Keighley Tory MP Kris Hopkins said although Mr Straw had used a "sledgehammer approach" it was an issue "that needs to be debated and needs to be discussed".
He said it was important to recognise it only involved a minority but added: "There is an issue with some young men from that particular community who don't respect women, I think that's what it fundamentally starts off with.
"This involves the second and third generation (British Pakistani men) – there has been a lack of a challenge over behaviour towards women. There needs to be a broad debate and not just among politicians but among community leaders, individuals, families – we need to address this."
Meanwhile party colleague Graham Stuart MP, chairman of the Commons Education Committee, said the committee might now initiate its own inquiry.
The Beverley and Holderness MP said: "I'm sure it's something the committee would wish to consider. The welfare of children has to be of enormous concern to everyone and the issue of child sexual exploitation concerns constituents and MPs acutely."
Mr Stuart said any inquiry would be likely to look at the overall issue and the incendiary issue of race would only be covered if there was evidence of specific groups playing a specific role in exploitation.
He added: "The whole issue of sexual exploitation of children is one which the committee will want to keep a close eye on and I'm sure we will reflect on what Jack Straw has said in deciding whether a formal inquiry would be the right way to proceed to look at the issues involved."
Mr Straw, Blackburn Labour MP and former Home Secretary, sparked controversy over the weekend after claiming Friday's indefinite jailing of two Asian men for abusing girls aged between 12 and 18 was an example of a wider problem among some young British Pakistani men who viewed white girls as "easy meat".
Mohammed Liaqat, 28, and Abid Saddique, 27, were jailed for raping and sexually abusing several girls, often after giving them alcohol or drugs. They were the prime movers in a group of men who befriended vulnerable girls aged 12 to 18 in the Derby area and groomed them for sex.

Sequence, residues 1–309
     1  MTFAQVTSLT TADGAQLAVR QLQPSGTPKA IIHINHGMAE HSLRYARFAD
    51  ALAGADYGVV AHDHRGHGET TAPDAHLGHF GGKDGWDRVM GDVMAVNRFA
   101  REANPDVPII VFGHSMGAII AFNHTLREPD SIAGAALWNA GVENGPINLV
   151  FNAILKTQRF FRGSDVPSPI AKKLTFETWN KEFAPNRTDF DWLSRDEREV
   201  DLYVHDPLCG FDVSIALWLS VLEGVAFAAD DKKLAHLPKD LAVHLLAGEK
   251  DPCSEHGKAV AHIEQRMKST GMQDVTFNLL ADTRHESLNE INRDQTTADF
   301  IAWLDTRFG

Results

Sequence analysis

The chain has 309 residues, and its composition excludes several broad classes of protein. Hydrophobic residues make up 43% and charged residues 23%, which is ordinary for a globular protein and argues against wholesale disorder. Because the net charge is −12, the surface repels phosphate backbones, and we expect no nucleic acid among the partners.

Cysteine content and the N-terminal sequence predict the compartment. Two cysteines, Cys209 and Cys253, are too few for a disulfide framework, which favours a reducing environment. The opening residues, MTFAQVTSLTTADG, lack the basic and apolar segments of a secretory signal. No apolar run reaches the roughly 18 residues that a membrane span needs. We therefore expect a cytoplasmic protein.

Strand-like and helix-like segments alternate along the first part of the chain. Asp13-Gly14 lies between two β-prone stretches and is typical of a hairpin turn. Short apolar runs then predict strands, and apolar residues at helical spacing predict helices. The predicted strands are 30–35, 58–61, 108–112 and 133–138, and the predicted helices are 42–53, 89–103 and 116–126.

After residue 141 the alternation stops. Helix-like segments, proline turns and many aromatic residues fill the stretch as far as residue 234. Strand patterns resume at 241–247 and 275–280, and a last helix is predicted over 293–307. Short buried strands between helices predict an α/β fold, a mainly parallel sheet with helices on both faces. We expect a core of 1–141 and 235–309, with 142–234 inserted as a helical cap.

A clutch of previous court cases, including one involving a group of five Asian men from Rotherham found guilty of grooming last year, prompted Mr Straw to say such crimes were a "specific problem" in the Pakistani community which needed to be "more open" about the reasons.
But fellow Labour MP Keith Vaz, who chairs the Commons Home Affairs Select Committee, insisted the case was not symbolic of any "cultural problem".
Children's charity Barnardo's and Muslim youth group the Ramadhan Foundation also said Mr Straw was wrong to highlight one community.
The judge in the case said he did not believe the crimes were "racially aggravated", but Mr Straw said he thought vulnerable white girls were at risk from some Asian men.
Mr Straw acknowledged most sex offenders in prison were white but added "there is a specific problem which involves Pakistani heritage men... who target vulnerable young white girls.
He added: "We need to get the Pakistani community to think much more clearly about why this is going on and to be more open about the problems that are leading to a number of Pakistani heritage men thinking it is OK to target white girls in this way."
Mr Vaz said the comments were "pretty dangerous" and added: "I don't think you can stereotype an entire community.
"What you can do is look at the facts of these national cases, give it to an agency, make a proper investigation and see how we can deal with these networks of people who are involved in this horrendous crime."
Barnardo's chief executive Martin Narey said street grooming was "probably happening in most towns and cities" and that victims were Asian as well as white.